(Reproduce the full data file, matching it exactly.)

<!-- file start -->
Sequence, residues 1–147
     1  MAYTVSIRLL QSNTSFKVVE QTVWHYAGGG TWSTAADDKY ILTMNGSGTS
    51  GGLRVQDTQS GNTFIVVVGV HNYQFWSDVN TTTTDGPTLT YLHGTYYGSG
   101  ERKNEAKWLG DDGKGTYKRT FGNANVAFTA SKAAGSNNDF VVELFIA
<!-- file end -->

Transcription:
Sequence, residues 1–147
     1  MAYTVSIRLL QSNTSFKVVE QTVWHYAGGG TWSTAADDKY ILTMNGSGTS
    51  GGLRVQDTQS GNTFIVVVGV HNYQFWSDVN TTTTDGPTLT YLHGTYYGSG
   101  ERKNEAKWLG DDGKGTYKRT FGNANVAFTA SKAAGSNNDF VVELFIA